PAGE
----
We oppose plan for Baddesley Common2 min read

We have objected to the Friends of Baddesley Common’s plan to construct a pond on the common, near Atherstone in north Warwickshire.

We have sent an objection to North Warwickshire District Council, because the pond will be detrimental to the existing landscape, will result in the loss of a rare habitat, and will interfere with the rights of the public to walk on the common.

Baddesley Common is a very special place, an important green lung for local people.

It is lowland acid grassland which, accordingly to the Warwickshire Biodiversity Action Plan, is ‘extremely rare and not extensive in Warwickshire’.  Baddesley Common is cited as one of the most extensive remaining areas of lowland acid grassland in the county.  The pond will destroy this.  Not surprisingly therefore, Natural England, the government’s adviser on conservation, has said it will object.

Baddesley Common – the ring of trees will have to be felled to make way for the pond.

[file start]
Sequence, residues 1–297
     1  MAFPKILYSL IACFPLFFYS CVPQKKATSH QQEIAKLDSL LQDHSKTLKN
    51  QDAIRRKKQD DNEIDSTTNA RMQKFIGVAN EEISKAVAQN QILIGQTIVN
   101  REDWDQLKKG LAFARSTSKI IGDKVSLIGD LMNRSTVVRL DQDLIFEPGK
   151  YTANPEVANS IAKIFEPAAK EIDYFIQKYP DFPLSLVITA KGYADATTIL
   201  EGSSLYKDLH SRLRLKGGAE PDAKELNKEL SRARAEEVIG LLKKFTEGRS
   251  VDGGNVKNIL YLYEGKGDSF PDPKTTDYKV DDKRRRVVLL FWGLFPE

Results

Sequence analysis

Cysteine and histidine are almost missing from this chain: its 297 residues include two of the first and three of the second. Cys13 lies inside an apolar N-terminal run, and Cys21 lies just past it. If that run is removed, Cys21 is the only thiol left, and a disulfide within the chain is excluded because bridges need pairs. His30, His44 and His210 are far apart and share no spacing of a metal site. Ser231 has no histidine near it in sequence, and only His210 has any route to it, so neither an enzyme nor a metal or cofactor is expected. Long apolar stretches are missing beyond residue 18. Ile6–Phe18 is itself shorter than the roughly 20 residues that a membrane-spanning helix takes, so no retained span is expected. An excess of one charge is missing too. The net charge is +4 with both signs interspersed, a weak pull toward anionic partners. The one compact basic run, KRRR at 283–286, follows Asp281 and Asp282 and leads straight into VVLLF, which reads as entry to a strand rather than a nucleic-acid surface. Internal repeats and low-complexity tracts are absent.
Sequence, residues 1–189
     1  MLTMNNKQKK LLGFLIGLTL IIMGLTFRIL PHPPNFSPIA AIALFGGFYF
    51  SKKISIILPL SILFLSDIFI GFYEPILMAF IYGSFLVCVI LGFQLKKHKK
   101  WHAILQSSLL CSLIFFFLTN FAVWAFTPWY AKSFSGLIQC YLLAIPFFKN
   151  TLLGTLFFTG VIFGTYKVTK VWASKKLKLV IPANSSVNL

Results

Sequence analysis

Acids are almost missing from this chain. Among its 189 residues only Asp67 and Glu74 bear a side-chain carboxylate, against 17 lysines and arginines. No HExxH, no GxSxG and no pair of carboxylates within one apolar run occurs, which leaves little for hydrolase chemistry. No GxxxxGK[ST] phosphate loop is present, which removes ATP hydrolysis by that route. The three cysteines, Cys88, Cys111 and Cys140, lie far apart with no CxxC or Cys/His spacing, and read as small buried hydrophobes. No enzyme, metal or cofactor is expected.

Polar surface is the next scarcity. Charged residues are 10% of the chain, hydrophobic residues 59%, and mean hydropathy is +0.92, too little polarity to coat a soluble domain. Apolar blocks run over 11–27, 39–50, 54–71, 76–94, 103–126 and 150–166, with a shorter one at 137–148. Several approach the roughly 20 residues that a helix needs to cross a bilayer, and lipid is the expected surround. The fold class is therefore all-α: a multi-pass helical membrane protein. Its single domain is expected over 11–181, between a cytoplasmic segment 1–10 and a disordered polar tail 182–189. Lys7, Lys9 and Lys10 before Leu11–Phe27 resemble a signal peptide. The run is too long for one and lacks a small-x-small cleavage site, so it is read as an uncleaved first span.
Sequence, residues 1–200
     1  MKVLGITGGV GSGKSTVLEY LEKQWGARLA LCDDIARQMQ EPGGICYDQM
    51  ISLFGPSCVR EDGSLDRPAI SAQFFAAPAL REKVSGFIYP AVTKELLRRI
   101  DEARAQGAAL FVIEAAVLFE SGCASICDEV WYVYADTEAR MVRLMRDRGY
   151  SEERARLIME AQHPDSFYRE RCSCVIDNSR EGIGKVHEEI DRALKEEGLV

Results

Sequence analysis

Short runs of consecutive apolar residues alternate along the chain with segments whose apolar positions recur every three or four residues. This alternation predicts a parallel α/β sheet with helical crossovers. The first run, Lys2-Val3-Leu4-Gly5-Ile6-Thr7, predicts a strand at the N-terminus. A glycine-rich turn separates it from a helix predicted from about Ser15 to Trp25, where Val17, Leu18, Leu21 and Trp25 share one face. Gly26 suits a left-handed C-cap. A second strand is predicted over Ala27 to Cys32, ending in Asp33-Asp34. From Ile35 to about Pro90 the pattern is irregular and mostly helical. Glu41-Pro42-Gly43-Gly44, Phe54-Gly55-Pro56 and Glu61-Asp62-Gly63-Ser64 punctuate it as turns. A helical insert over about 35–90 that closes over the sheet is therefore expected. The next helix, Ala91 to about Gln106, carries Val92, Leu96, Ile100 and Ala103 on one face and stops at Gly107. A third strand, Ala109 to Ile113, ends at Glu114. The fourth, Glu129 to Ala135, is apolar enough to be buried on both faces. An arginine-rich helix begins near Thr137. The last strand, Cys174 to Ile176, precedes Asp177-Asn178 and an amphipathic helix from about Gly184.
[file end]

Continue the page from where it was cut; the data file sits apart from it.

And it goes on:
The Friends will have to fell trees to make way for the pond, with an adverse effect on the landscape, and they will erect temporary fencing (which could become permanent).  Furthermore, the public has a right to walk over the whole area, and people enjoy the common for informal recreation.  The pond will interfere with that right.

Says Kate Ashbrook, our general secretary: ‘We are sorry that the Friends seem unaware that, as the land is registered common land, they will need consent from the Secretary of State for Environment, Food and Rural Affairs for any works here—in addition to any planning permission.  We are by law notified by the Secretary of State of such applications and we shall object, because the pond will have an adverse effect on nature conservation, the landscape and public access.

‘I am sure that the Friends are well intentioned and want to do the best for the common, but we do feel this pond to be a mistake.

‘It’s a pity that the Friends did not bother to consult us about the proposed development.  We hope the council will reject it.  If it does not, we shall press the Secretary of State to refuse the ensuing application for works on common land,’ Kate declares.

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